Workers' compensation expansion for PTSD opposed by municipal groups
Hartford - Municipal organizations came out in opposition Tuesday to Senate Bill 56, which would extend workers' compensation claims to employees who witnessed the death or maiming of a person, or the aftermath, and as a result suffered post-traumatic stress disorder.
At the Labor and Public Employees Committee public hearing at the state Capitol, Bob Labanara, state relations manager for the Connecticut Conference of Municipalities, said the towns acquiesced to giving workers' compensation to firefighters suffering from PTSD but that passing a bill such as SB 56 is not "prudent policy."
Sen. Cathy Osten, D-Sprague, supported the bill and said if the brain can't be recognized as part of the body for workers' compensation claims, mental health and mental illness will continue to be stigmatized.
"I think that as a state and as a country, we continue to ignore stress-related disorders to our peril," Osten said. "We as a society have an obligation to start addressing the issue and remembering that there is an organ from the neck up, and that organ needs to be cared for as much as any other organ in our body."
Currently, the state's workers' compensation law covers close to all private- and public-sector employees and is designed to help workers who are injured on the job. It pays for medical treatment, weekly benefits while disabled, vocational rehabilitation and if needed, treatment for scarring, disfigurement and permanent physical impairment.
Connecticut's workers' compensation insurance does not include employees' mental or emotional impairment unless it arises from a physical injury, a work-related chronic ailment, or from a police officer's use of deadly force or subjection to deadly force. There is also an exception for firefighters who are diagnosed by licensed professionals as suffering from PTSD because of the death of another firefighter while in the line of duty.
Steven Werbner, town manager of Tolland and CCM representative, said there are more than 1,200 unfunded mandates placed on towns and cities today and that this bill would exacerbate the municipalities' burdens.
Labanara said covering one person could cost hundreds of thousands of dollars, even $1 million, depending on the adjudication process, medical treatments and replacement wages.
"What we are saying is that there is private insurance that handles counseling and therapy and employee assistance programs, and there are ways outside of the workers' compensation program," Labanara said.
Osten said of the states that require mental or emotional injuries to be included in workers' compensation claims, such claims make up less than half of 1 percent of the total number and 2 percent of costs.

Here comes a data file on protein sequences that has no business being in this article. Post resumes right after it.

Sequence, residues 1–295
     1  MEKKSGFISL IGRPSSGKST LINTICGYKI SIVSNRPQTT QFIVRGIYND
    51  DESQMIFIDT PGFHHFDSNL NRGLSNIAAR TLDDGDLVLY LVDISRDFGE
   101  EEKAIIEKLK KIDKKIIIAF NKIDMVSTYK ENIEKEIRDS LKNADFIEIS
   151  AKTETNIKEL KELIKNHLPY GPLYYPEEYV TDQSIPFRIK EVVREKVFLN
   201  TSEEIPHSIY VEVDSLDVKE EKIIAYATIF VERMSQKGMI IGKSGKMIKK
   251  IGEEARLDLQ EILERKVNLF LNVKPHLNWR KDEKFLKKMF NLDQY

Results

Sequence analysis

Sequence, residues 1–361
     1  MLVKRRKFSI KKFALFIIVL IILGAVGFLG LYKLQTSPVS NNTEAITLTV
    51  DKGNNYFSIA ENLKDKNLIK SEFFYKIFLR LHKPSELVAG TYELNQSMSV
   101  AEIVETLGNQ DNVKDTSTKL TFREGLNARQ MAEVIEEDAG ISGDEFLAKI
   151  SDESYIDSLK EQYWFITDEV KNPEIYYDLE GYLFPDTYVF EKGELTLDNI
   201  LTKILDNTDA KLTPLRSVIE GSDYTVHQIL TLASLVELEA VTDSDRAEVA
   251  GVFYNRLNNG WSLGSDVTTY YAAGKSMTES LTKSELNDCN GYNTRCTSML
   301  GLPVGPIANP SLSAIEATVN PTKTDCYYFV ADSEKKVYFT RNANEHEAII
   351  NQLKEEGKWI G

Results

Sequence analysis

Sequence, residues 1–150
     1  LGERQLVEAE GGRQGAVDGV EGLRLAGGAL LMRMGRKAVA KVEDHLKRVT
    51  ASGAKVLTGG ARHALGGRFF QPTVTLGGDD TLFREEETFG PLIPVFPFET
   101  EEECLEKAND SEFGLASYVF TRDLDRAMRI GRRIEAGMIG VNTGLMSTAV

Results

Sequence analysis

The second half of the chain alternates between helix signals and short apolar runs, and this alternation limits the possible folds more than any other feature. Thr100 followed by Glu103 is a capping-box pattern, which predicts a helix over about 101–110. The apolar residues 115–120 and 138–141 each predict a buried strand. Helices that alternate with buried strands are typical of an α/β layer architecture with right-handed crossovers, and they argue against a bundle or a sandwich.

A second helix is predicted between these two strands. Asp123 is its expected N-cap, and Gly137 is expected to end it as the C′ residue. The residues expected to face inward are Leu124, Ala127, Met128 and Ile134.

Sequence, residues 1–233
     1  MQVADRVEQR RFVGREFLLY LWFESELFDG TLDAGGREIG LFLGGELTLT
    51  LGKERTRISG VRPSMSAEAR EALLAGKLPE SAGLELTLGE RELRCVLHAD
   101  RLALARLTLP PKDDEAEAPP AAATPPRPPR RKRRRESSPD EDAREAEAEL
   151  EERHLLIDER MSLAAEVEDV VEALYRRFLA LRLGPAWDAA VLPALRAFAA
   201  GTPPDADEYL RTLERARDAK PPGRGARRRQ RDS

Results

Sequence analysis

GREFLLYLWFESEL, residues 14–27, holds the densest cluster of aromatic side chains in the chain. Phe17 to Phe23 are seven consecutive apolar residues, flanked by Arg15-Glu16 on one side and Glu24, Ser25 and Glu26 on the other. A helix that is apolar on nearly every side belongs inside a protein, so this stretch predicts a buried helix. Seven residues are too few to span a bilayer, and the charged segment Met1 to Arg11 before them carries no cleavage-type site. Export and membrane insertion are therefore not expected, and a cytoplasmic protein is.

But CCM is concerned about opening this door and about the vagueness of the bill, Labanara said.
"Simply put, SB 56 would allow any municipal employee (a paramedic, a fire marshal, any first responder, a public works crew member, etc.) - whether on-duty or not - to arrive at a crime scene several hours after such scene was 'secured' and be eligible for full wage replacement benefits under the workers' compensation system - at the expense of towns and cities," Werbner said.
Osten said that the committee responded to many of the concerns CCM had last year. The committee added language to require a psychologist or psychiatrist to determine whether the person's mental health injury resulted from seeing a death and clarified the definition of maiming to be the loss of a limb or organ.
Labor and mental health groups said witnessing a violent act should be compensable.
Andy Markowski, Connecticut state director of The National Federation of Independent Business (NFIB), said in written testimony that it was concerned about the bill because of its potential costs and ambiguous language that could have unintended consequences. Markowski said his group is "concerned about the uncertainties that will result from this legislation, including legal questions, the potential for challenged claims, and the impact of the legislation on the rates of the overall workers' compensation system in Connecticut."
The Connecticut Council of Small Towns issued a statement saying it appreciates the intent of the bill but is concerned about costs, which could pressure towns to increase property taxes or lay off personnel.
Representatives of the AFL-CIO, the Connecticut Psychiatric Society and the Connecticut State Police Union testified in support of the bill.
"Workers who have experienced PTSD as a result of work are no different than workers who have torn ACLs as a result of work, except that the injury is to the whole body, inside and out," said Lori Pelletier, executive secretary-treasurer of Connecticut AFL-CIO.
The Connecticut Psychiatric Society said responding to mental or emotional illness caused by traumatic experience in the workplace would increase productivity among workers. Andrew Matthews, president of the Connecticut State Police Union, said the legislation was fair and would be the first step in making sure employees receive the proper treatment they deserve.
After the state suffered the most violent crime in its history in Newtown - where 26 children and adults were murdered - Osten said the state was able to raise only $400,000 instead of $1 million for assistance to first responders who were traumatized from the shooting.
"We can't afford to disregard people, whether it is our soldiers or our first responders or our teachers who view horrific events. We have got to put an end to it," Osten said.
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